Oct 162007
Authors: Nikki Cristello

Dial-A-Ride may no longer be on the agenda for Fort Collins’ city budget, causing some residents to raise concerns about safety, quality of life and transportation for the disabled community.

The Fort Collins City Council met Tuesday evening and began the first reading of ordinance 118, which sets the city’s budget for fiscal year 2008. The ordinance did not include the Dial-A-Ride program that many disabled citizens rely on.

The ordinance 118 is based on City Manager Darring Attebarry recommended budget, with additions from the city council, and includes all city funds.

The final budget is organized by seven result areas that have been approved by the Fort Collins City Council. Item six is transportation and requires that “Fort Collins improves the safety and ease of traveling to, from and throughout the city.”

Both disabled and fully functioning residents spoke to amending the budget to include money for the Dial-A-Ride program, particularly the Nighttime Dial-A-Ride.

Susan Williams, a disabled Fort Collins resident, said that she thinks disabled people are a group of people who experience discrimination.

“I ask the council to take the service for what it is, necessary,” she said. “I ask you to walk a mile in our shoes or in our wheel chairs.”

She also said she invited each council member to end their days at 6:30 p.m., as the disabled community would have to do if the Nighttime Dial-A-Ride is not funded.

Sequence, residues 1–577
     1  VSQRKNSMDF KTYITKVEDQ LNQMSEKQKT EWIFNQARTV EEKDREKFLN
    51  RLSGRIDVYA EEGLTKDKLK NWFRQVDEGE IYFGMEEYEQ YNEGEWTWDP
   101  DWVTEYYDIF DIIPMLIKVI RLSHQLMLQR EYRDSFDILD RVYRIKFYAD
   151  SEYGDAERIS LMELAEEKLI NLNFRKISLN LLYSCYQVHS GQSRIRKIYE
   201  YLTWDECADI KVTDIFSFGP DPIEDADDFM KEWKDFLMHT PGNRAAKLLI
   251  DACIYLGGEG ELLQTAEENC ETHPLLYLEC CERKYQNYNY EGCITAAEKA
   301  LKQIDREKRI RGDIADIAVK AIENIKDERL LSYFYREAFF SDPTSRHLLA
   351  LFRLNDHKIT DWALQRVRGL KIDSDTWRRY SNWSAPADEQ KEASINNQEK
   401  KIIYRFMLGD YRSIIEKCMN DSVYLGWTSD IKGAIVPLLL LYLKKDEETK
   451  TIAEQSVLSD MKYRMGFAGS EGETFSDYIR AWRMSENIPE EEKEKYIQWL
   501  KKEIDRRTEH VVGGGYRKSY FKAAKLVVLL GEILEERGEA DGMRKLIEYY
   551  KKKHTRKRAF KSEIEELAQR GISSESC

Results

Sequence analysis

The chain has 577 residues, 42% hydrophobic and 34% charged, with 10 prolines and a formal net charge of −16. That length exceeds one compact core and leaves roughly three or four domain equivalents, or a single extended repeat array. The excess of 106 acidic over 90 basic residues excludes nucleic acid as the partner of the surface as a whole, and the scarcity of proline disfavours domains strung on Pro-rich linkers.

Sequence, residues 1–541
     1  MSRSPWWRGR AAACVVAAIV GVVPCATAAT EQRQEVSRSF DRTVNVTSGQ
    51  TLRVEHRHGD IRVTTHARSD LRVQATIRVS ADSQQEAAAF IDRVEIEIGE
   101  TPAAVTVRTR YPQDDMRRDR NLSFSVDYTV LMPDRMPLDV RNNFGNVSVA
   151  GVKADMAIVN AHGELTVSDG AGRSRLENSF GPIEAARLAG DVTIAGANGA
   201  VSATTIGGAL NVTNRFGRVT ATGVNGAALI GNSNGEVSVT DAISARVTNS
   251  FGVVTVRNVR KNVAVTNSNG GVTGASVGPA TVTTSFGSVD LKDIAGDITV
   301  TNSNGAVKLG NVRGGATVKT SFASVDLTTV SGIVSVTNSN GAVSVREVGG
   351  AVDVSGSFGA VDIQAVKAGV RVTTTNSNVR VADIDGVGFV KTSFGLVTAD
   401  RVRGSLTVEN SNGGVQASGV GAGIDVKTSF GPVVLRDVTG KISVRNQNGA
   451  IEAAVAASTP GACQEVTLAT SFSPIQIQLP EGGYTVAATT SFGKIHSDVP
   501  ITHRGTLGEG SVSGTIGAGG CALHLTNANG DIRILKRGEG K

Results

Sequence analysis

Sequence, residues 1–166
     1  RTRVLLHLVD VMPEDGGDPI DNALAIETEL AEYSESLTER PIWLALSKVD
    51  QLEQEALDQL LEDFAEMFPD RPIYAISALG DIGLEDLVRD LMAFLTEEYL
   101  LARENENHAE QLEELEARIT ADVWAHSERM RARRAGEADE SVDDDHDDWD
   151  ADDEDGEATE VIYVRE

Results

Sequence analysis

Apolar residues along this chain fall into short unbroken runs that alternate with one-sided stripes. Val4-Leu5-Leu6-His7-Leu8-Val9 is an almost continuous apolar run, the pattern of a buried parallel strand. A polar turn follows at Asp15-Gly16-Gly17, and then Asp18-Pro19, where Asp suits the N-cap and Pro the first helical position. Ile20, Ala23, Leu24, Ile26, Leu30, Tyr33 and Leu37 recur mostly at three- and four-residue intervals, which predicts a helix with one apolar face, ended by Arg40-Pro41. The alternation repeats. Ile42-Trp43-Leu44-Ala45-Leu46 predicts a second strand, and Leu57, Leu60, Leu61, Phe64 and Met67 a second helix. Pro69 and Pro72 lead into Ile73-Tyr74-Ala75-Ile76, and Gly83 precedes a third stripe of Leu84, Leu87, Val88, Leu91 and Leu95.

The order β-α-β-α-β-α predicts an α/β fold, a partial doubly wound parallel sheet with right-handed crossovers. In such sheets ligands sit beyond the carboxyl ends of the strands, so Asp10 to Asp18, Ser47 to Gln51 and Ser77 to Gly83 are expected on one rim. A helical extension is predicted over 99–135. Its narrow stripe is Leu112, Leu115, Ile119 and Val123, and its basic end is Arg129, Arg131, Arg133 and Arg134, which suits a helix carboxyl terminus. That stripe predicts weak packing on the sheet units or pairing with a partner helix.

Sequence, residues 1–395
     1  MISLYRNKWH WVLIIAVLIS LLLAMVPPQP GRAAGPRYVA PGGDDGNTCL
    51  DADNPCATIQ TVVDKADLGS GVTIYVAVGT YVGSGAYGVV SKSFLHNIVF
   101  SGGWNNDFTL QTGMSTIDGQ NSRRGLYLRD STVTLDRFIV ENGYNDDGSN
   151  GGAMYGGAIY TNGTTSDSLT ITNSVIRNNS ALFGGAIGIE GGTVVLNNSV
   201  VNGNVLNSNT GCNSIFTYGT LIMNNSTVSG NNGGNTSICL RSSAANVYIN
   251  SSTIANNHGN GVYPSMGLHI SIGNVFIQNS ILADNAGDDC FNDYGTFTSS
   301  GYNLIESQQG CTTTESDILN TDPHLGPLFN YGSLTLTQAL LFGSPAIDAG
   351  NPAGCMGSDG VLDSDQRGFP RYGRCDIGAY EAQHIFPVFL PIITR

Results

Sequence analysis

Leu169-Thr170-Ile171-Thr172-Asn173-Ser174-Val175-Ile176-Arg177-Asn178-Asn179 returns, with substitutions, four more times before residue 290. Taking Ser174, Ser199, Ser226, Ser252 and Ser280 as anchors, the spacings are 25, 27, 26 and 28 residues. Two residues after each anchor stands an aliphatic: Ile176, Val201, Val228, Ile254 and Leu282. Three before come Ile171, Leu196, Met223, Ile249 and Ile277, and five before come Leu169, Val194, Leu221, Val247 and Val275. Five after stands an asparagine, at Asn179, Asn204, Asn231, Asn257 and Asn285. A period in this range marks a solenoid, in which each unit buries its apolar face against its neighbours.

She said not one member has accepted her challenge.

Jenny Merril added that she did not think it was fair to make the community beg for a service that should be “a given.” She said ending the evening transportation was a way of keeping the disabled citizens prisoners in their own homes.

Vivian Armendariz said she invited the entire city council to go on a “ride along” with her in a wheelchair for one day. Council member Diggs Brown was the only one who stepped up to the challenge, Armendariz said.

“It was last November, the day before the second reading,” she said. “We started at nine in the morning and our day went until 7 p.m. that night.”

Armendariz said Brown used an “ancient” wheelchair, and was exhausted about two or three hours into the day.

“Half way through the day I said he had proved himself and that he could throw away or leave the wheelchair, that would be fine,” she said. “He said no, he made a promise to me and he would stick with it. And he did.”

Armendariz said she thinks Brown has a new appreciation for the disabled community because of that day.

Yvonne Longacre spoke passionately to the council about the disabled community. She also said that she thought not providing evening transportation kept people prisoners in their own homes.

“We need around the clock services for the bus,” she said.

Mayor Doug Hutchinson stressed that the Dial-A-Ride program is coming out of one time reserves.

Armendariz said she isn’t really surprised. She said this is the third year the community has had to fight for the program.

“The budget is focused on your needs,” Hutchinson said. “Any part of the budget can be changed until November 20.”

The Fort Collins City Council also discussed funding for affordable housing and helping low income families in the Fort Collins area.

Assistant news editor Nikki Cristello can be reached at news@collegian.com.

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